image
Bobby-Z’s tribute in Potosi to the miners of Potosi

A DAZZLING tribute to the Inca silver miners of the Bolivian Andes is taking shape under the brow of a famous Tasmanian mountain.

Tasmanian painter Bobby-z Lambert says he was drawn across the globe to climb a 5000m mountain then burrow down 80m to taste the terrible, triumphal lives of these fearless, cloud-dwelling treasure hunters.

He has spent the past year in a shed under Mt Field at Maydena translating their story –  their “pain, wonder and joy” – into the language of colour: “the one I speak best”.

The result is a set of paintings and sculptures of extraordinary vibrancy and narrative honesty that Lambert hopes will do justice to what inspired them – the people of Potosi, the City of Silver, where the Conquistadores struck it rich 500 years ago.

He hopes to mark his achievement by marketing the paintings in a way that provides their progenitors with a continuing share in the artworks’ earnings.

Why? Well, he’s that kind of guy – oilman, fisherman, mountaineer, miner, artist, a knockabout bloke but not ordinary, either.

Lambert thinks he may have met his muse at the top of a Bass Strait oil rig in the teeth of a westerly blow 20-something years ago.

The Malaysian-born “roughneck” had no yen then to be an artist – just a lowdown ache and, then, on that swaying derrick in a howling storm, a starburst of insight.

“The oil game is crazily hard and dangerous,” Lambert says, “the job was exciting and very mentally and physically demanding. Back then the rigs were full of brutality, the work was hard but the culture of bastardisation was even harder. I was young and most of the men I worked with where violent damaged souls. The job nearly killed me many times as I dodged flying pipes or a whipping chain inches from my head. It’s hard to forget the abusive rants of the drillers even now. Though I learned much from them, they left scars in my head.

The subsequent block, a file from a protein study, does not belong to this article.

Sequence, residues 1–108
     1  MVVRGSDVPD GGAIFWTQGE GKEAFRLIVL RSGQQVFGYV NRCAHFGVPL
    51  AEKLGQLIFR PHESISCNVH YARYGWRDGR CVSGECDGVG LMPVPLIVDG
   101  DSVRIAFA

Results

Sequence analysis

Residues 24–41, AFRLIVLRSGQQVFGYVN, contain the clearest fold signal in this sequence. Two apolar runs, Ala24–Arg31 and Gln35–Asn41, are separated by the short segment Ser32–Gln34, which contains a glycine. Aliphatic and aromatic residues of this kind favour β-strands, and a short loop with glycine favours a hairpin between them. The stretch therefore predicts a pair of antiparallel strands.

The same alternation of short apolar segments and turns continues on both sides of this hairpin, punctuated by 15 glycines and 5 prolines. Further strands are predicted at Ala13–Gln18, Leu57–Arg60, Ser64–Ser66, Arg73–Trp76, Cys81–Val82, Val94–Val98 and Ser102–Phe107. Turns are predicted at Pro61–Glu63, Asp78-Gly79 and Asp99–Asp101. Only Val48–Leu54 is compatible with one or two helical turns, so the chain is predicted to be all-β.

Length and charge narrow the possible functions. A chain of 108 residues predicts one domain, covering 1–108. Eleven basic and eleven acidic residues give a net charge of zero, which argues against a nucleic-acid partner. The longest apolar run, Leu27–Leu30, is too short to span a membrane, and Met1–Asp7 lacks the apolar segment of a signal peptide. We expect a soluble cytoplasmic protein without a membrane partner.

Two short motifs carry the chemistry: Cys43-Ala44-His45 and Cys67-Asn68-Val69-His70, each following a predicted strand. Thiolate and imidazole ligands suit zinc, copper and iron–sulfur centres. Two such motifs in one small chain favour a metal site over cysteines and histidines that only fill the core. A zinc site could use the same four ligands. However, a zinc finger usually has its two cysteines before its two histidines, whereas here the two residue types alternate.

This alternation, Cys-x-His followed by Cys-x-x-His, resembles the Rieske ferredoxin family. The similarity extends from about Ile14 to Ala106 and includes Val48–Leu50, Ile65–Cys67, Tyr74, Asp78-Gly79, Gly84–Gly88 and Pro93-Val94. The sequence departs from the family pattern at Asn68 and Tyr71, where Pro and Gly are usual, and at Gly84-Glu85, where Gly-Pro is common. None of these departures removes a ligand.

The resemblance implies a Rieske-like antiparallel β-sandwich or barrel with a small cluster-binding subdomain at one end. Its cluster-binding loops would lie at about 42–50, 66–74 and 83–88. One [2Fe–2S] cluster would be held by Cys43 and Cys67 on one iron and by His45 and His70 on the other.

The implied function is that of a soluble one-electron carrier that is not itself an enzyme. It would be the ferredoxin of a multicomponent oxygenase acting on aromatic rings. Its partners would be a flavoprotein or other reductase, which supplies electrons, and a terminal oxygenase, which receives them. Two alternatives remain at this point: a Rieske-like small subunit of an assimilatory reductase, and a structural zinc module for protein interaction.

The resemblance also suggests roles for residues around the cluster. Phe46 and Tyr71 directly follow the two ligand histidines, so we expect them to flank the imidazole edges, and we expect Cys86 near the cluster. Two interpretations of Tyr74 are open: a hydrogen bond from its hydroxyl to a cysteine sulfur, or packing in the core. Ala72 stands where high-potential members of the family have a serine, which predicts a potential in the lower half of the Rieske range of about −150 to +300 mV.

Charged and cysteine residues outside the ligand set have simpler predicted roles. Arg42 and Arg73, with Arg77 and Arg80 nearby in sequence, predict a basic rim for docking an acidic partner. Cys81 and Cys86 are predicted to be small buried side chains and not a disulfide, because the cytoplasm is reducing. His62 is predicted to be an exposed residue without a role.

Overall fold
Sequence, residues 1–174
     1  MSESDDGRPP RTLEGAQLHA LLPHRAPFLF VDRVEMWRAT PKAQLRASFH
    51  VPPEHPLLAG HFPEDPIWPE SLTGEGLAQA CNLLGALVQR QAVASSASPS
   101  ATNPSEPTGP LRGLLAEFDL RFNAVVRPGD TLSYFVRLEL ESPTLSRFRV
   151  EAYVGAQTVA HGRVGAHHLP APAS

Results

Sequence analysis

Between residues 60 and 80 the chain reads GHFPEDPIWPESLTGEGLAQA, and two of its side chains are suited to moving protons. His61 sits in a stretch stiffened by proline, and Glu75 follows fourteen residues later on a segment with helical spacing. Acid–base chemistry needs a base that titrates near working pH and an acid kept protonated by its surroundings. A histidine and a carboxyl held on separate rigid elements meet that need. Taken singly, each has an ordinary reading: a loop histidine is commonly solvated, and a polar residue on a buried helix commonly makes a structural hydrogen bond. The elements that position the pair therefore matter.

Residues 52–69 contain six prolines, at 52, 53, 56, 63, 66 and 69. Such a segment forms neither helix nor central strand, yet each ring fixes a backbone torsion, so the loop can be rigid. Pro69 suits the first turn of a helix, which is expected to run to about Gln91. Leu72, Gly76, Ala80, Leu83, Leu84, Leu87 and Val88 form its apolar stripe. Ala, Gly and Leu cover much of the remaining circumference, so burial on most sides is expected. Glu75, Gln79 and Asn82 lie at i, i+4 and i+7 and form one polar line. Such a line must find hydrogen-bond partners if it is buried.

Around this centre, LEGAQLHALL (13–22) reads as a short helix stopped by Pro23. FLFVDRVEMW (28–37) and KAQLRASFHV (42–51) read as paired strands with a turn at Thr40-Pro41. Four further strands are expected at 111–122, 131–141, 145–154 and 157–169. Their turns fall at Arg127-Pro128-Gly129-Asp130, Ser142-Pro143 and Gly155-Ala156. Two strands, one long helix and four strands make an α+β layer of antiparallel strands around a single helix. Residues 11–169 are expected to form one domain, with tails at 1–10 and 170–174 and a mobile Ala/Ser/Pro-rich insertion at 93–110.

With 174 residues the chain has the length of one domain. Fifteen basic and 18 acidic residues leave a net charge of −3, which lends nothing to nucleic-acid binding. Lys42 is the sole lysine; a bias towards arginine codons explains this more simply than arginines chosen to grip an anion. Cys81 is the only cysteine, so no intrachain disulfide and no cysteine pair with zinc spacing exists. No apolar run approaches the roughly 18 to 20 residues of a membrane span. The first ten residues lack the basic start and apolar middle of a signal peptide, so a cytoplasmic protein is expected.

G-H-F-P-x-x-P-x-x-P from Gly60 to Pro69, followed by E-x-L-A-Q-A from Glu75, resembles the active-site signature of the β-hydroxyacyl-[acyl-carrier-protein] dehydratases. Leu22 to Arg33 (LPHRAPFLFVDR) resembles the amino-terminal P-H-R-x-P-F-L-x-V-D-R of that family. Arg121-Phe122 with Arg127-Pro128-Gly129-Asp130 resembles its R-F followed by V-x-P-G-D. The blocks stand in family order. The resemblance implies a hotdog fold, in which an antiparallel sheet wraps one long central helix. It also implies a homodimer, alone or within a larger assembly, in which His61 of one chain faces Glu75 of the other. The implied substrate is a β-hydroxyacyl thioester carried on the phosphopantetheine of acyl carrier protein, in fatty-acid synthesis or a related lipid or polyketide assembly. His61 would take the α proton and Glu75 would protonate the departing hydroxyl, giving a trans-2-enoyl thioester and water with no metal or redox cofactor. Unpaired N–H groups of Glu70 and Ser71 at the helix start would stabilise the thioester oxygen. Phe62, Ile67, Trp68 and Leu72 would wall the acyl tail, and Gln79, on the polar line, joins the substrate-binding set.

“Up that derrick for three hours in the night, freezing, numb, terrified, scrubbing the rig because the foreman hated me – that was the end. But it wasn’t all bad.

“I was in a very dark place, but in the worthlessness and self-loathing I found my strength: the goodness in me.”

He would make a new beginning, but not yet by trading the spanner for the paintbrush. The stocky 22-year-old was done with the drill rigs but not with towering heights and an urge to scale them. 

Life had been bit of a climb already for Lambert as his Canadian oilman father moved Australian wife and sons around the world setting up exploration and extraction enterprises in the Middle East, Alaska, Asia and Australia.

The fast living Max Lambert was dead by the time his youngest son was eight – having died violently at only 42 – leaving his young family with little idea of why he had died and very little in the bank despite Max’s years on big money.

The death left the boy Bobby-Z with an emptiness and an unusual name, a handle he believes marked and defined him as an outsider.

“It’s my real name, on the birth certificate, Penang Hospital 1969. He named me with a ‘z’ like he knew I’d be the last,” Lambert said.

“When a boy loses his Dad, come 15 or so he really needs a male role model to show him how to become a man. Your Mum no matter how good can’t do this for you. You tend to idealise your Dad’s memory and you might go off in search of him through the things he did, looking for the blueprint to manhood … that’s what I did.”

The name Bobby-z wasn’t much help in Cairns, where his mother decided to settle and where Lambert finished his schooling – what there was of it for a lad who’d seen a lot of the world but not the inside of many books.

“The teachers all knew me by my weird name and paid me close attention on account of my inability to read or spell,” Lambert said.

“One ordered me to open a book and read to the class. I said I couldn’t and he said he didn’t believe me because ‘Bobby, you know more words than the rest of the class combined’, which was true.

“I’m not dyslexic but I absorb and remember what I hear much better than what I read.”

The reading problem persisted until his Canadian grandmother sat him down on a rare visit to his father’s family in Alberta.

“She made me read what she put in front of me. It was like ‘Run, Forest. Run’. The calipers fell of and I was away. It’s true. My grandmother taught me to read in 10 minutes at age 11. Until that moment, I could not read. Still can’t spell, although that hasn’t stopped me writing.”

The Lamberts were, and in Canada still are, oil people, some very rich from black gold, Lambert says.

But that epiphany in one of the world’s harshest oil fields set the Australian on a search for other riches – in the greater ore body of mankind.